Microsoft opens UK Azure Datacentres
Microsoft is first but the customer is ultimately the winner.
Microsoft has today (07/09/16) announced the launch of its first UK Azure datacentres. This is big news for the cloud and bigger news for databases.
Until now, UK companies only had access to two European locations (Ireland and Netherlands) from Microsoft and with the Azure datacentres opening in the south and west of England, there’s a lot to get excited about. In essence, the openings will deliver two key benefits for UK businesses:
- Data Sovereignty: the concept that information which has been converted and stored in digital form is subject to the laws of the country in which it is located.
- Data Latency: the time it takes for data to be stored or retrieved.
This is transformational for data in the cloud. It removes the last 2 key obstacles for moving data and databases to the cloud.
Companies processes high volumes of transactional data through SQL Server are most likely to capitalise from the new UK data centres early on, predominantly those in Retail, Finance and Travel sectors. It’s these companies we expect to see quick re-evaluation of IT projects and process, more specifically those around ‘as-a-service’ initiatives and in particular those of Database-as-a-Service (DBaaS) and Data-as-a-Service (DaaS).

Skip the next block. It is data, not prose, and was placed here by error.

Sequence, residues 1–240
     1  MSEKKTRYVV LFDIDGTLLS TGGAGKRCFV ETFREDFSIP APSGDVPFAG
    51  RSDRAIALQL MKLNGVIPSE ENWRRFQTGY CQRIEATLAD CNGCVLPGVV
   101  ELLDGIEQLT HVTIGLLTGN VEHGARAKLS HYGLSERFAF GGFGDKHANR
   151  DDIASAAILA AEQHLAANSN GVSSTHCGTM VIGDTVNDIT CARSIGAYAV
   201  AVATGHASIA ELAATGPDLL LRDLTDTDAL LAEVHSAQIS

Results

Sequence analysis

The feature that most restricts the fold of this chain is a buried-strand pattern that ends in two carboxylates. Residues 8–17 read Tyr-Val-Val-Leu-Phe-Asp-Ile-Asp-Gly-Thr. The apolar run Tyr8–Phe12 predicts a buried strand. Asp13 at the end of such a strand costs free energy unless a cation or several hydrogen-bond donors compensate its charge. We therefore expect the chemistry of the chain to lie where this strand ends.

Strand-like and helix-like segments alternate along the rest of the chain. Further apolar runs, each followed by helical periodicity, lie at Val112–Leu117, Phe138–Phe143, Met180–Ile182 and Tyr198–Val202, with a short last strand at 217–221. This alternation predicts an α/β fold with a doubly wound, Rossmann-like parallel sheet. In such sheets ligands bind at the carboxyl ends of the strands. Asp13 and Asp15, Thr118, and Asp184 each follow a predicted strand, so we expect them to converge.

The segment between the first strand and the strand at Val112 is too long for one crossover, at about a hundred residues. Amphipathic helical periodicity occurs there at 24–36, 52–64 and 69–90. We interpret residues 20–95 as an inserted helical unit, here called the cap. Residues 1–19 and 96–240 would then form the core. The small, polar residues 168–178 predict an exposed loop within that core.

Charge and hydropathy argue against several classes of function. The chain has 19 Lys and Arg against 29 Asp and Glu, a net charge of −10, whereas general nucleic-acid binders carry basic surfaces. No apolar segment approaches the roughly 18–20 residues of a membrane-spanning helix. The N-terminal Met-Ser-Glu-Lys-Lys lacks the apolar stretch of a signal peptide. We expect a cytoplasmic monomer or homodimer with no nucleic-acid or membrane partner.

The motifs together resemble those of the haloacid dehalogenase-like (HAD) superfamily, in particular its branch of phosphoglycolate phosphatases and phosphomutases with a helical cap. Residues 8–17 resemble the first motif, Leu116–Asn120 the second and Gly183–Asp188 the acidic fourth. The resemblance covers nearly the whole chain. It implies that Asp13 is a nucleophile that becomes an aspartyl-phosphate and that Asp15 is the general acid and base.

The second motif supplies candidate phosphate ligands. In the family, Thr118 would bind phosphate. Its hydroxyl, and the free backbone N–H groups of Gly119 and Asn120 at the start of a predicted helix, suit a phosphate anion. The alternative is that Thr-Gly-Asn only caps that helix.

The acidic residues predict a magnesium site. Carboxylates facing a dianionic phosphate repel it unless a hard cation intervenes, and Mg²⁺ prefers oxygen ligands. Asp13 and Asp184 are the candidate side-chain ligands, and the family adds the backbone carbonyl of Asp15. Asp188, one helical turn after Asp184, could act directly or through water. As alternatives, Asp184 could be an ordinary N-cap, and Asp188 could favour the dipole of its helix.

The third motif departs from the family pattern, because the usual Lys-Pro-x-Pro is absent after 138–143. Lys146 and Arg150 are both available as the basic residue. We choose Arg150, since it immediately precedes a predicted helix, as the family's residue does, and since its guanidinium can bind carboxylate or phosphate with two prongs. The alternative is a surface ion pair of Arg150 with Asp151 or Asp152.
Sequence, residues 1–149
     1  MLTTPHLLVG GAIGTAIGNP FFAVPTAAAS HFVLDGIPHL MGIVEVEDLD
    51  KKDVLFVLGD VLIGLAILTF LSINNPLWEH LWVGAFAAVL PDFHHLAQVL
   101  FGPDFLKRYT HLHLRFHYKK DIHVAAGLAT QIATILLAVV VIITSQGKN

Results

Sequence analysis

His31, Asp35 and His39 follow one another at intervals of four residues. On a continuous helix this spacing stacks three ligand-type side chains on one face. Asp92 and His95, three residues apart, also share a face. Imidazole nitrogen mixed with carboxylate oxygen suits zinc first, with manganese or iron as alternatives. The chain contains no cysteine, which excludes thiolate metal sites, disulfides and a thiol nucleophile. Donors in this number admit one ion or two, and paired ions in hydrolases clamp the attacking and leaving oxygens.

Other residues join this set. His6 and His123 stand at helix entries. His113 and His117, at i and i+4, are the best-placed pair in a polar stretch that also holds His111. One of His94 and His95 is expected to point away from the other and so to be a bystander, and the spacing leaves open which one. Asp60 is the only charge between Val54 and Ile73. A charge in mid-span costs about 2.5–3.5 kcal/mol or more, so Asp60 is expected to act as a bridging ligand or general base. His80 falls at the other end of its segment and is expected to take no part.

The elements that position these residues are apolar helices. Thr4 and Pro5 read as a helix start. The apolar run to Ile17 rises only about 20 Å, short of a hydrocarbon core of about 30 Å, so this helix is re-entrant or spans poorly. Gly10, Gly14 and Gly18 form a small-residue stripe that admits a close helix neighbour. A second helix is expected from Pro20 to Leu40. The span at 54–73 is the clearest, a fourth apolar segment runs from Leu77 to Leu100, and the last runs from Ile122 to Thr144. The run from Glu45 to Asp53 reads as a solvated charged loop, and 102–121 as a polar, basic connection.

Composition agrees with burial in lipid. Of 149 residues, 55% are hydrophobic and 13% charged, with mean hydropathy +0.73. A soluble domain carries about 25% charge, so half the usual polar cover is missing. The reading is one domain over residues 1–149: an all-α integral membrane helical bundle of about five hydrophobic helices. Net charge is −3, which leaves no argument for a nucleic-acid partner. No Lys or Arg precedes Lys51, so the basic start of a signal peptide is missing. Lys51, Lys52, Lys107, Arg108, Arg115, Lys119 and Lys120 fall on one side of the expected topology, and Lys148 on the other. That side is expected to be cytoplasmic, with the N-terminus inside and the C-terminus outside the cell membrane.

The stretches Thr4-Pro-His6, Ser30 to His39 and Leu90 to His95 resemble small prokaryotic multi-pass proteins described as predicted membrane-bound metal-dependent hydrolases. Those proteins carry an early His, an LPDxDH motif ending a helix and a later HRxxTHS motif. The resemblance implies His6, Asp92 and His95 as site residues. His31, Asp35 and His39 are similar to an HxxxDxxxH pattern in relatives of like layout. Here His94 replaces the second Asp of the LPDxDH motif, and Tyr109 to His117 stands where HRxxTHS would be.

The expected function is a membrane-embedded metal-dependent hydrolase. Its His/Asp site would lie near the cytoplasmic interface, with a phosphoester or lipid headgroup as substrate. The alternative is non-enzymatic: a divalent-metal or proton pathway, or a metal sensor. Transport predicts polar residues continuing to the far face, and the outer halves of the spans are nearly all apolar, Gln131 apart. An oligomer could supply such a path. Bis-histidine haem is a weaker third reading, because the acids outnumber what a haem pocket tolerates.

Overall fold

DBaaS and DaaS have already seen rapid UK growth in the last 3 to 5 years, not only with Azure but also that of AWS and Oracle Cloud. For those within the data management /database industry, will know we are currently witnessing the ‘Cloud Wars’ between major IT vendors - which is enabling digital transformation at an unprecedented rate.
Companies are now able to leverage the benefits of cloud compute at a fraction of the price when compared to on-premise, plus it comes the additional benefits of having data on demand - delivering better customer experiences.
Dev Nayak, co-founder and managing director of dsp stated:
“This is a real game changer for businesses in the UK. All of our customers want to go the cloud but some have concerns about security, sovereignty and speed if their data won’t be stored in the UK. Now Microsoft have opened their UK Azure datacentres this has put those concerns to bed. I believe this will be a major catalyst for migrating databases, and not just SQL Server to the cloud. Expect AWS and Oracle to follow very soon.”.
One of the biggest issues companies face after moving their data to the cloud, is how the data will be supported. One of the best ways to address this is through Continuous Maintenance; a pipeline-of-change. It’s perfect for the life-cycle management of mission-critical databases and application environments; facilitating the automated patching and testing of applications in pre-production environments before releasing the changes into production.